‘BATTLE!’ — A lost volume, sadly

By Rob Morgan

So, I read the brief reconsideration of the late Charles Grant’s volume and, of course, memories kicked in. My copy is on the shelf next to The Don’s ‘Naval Wargames’ and the similar sized Ian Alle’ volumes of the ‘60s … but it’s not there now! I think I loaned it, maybe a decade ago, possibly longer, but it didn’t come back to me. Ho hum! Admittedly, after the first few years of the 1970s, it wasn’t a wargame book I consulted regularly. Better volumes appeared, and, of course, I joined the Society of Twentieth Century Wargamers, and their Journal  provided an interesting range of game options and rule tweaks. Charles Grant Sr, I recall, passed on in the late’70s, but had made his indelible mark in publications like Battle, then the main monthly wargame magazine, and in articles in Military Modelling.  His scenarios were always good to read.

As for Meccano Magazine, in the 1960s it was a hotch-potch of articles on almost any aspect of model making, gaming, small-scale electrics, spotting and railway modelling — one of those publications to be examined carefully before purchase; sometimes there was a gem within its pages, often nothing of value. I suppose the main disappointment where ‘BATTLE!’ was concerned was the use of the 1960s Airfix German Infantry and their British counterparts; yes, there were panzerschrek rocket launchers, and one of those amazing sPzB 41 reduced bore a/t guns, but the figures didn’t last the course of time. They did however fit in with the ROCO mini tank range, or at least most, well, ok, many of them, as the photos in the book show. If I recall, some of the scenery is Bellona, but I rarely bought any of that.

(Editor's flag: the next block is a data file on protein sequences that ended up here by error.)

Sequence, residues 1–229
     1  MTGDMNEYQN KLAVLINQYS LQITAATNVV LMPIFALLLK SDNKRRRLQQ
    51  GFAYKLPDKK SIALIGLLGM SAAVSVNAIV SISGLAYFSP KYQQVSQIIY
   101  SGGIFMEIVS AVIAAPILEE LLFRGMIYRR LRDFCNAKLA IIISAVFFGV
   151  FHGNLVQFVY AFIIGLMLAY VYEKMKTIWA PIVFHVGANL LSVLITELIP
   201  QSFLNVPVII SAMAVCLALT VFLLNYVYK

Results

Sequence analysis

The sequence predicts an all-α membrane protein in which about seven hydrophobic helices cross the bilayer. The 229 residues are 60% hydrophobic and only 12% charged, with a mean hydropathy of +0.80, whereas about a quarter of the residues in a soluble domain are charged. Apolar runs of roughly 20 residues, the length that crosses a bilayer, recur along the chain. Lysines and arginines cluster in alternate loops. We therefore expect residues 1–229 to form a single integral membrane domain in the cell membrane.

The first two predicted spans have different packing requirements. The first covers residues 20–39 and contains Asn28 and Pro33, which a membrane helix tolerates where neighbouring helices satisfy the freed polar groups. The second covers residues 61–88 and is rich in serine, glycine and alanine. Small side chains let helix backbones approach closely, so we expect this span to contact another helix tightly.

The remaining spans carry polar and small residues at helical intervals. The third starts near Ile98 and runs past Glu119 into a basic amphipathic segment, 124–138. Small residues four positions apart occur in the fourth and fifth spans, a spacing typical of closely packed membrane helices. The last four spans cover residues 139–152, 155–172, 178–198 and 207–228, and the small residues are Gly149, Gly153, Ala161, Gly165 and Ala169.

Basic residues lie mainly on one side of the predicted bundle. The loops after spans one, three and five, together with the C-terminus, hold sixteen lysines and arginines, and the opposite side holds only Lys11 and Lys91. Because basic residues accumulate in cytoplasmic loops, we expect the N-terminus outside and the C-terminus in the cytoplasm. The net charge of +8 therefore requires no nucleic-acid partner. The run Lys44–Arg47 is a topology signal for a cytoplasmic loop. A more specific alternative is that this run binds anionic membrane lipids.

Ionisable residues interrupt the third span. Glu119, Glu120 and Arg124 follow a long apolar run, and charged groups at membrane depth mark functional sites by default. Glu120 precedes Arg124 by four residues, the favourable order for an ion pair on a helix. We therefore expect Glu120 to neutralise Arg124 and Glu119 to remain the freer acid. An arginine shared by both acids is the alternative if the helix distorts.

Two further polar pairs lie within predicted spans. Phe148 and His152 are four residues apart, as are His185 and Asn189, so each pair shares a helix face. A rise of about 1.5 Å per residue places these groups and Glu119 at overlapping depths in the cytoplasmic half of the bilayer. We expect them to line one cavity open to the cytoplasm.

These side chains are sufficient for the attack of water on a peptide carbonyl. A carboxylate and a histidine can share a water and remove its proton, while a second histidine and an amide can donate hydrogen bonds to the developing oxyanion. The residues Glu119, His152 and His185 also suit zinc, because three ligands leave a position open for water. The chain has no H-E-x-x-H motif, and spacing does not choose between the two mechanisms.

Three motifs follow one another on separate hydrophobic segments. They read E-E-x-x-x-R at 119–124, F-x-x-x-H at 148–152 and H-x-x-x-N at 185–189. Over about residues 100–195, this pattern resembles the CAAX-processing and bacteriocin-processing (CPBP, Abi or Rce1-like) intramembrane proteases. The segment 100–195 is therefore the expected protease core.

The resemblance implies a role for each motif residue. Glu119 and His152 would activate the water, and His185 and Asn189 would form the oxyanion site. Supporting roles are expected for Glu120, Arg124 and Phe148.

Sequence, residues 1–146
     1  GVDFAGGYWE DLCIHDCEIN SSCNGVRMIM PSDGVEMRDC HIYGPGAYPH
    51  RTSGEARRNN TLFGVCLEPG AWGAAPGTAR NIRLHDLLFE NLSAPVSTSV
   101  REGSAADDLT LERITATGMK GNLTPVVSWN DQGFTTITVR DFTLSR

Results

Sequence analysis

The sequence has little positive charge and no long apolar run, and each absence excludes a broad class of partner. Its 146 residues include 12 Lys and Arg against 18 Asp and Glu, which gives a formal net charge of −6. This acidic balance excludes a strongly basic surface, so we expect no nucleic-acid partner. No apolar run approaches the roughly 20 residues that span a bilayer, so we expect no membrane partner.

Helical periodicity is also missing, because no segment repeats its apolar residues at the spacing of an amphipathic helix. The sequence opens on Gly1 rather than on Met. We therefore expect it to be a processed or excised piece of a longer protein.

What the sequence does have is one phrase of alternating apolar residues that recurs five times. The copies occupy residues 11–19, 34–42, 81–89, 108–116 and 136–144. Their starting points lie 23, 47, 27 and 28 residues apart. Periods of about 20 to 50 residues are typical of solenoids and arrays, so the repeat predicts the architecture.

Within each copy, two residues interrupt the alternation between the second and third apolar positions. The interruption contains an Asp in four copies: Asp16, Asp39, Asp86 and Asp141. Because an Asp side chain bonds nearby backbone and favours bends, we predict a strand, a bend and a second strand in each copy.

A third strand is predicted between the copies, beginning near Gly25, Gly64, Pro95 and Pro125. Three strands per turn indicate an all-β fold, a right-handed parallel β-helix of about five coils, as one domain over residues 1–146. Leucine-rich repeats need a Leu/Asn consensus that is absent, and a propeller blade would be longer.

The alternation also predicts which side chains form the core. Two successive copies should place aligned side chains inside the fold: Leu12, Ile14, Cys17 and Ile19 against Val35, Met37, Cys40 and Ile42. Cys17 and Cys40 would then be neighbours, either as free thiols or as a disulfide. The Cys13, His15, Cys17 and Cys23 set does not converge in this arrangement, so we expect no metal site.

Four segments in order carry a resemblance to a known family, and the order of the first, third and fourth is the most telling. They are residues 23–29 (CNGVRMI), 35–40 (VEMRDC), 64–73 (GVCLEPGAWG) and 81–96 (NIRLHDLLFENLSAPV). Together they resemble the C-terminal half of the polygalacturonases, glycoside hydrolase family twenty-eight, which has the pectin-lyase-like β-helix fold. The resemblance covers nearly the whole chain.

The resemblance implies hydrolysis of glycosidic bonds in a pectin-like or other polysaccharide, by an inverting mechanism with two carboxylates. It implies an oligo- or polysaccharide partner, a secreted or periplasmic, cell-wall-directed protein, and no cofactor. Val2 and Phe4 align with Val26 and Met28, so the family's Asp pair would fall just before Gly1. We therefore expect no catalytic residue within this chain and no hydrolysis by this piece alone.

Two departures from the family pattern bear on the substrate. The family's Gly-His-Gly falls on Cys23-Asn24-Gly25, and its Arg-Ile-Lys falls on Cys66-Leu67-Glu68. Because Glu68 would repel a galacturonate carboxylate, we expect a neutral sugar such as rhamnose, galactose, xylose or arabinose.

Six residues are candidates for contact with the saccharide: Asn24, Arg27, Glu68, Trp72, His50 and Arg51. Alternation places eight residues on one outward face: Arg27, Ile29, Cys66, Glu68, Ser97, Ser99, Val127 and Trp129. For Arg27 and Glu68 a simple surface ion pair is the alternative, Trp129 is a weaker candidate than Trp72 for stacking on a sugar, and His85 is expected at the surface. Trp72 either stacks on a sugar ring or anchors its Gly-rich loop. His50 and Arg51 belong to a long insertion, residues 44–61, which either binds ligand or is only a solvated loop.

That substantial ROCO range of mainly 1/87th scale tanks, afvs, trucks, light vehicles and guns (other models were 1/72nd or 1/76th, and there were also a few figures) was one that many of us admired but few could afford. I bought a ROCO Pz IV Ostwind a/a tank, because I’d never seen one anywhere else before, and don’t think in plastic kit terms I have since — it was expensive. Well-made models those ROCO tanks, and most had a set of plastic road wheels on metal axles underneath, you really could roll them along.

I discovered that these small 8mm or so circles, usually about 4 or 5 mm deep would make excellent Monitor turrets if cemented on thin plasticard hulls – or did I read it in Airfix Magazine? Anyway, I made half a dozen cheap Federal warships, single- and double-turreted, with the addition of small lengths of cocktail sticks for funnels, using wheels from two or three ROCO models.  I fought with them for years. If asked, I’d say they were 1/1200th-ish, but in those days no one really complained.

If the discussion on Charles Grant’s 1970 book leads to anything, let’s hope it leads to a review or at least a reconsideration of that astonishing ROCO range, World War II and Modern which promised so much, but if anything was seriously underused by the wargames fraternity.  I might have as many as a dozen scattered through my Eastern Front units, certainly no more.

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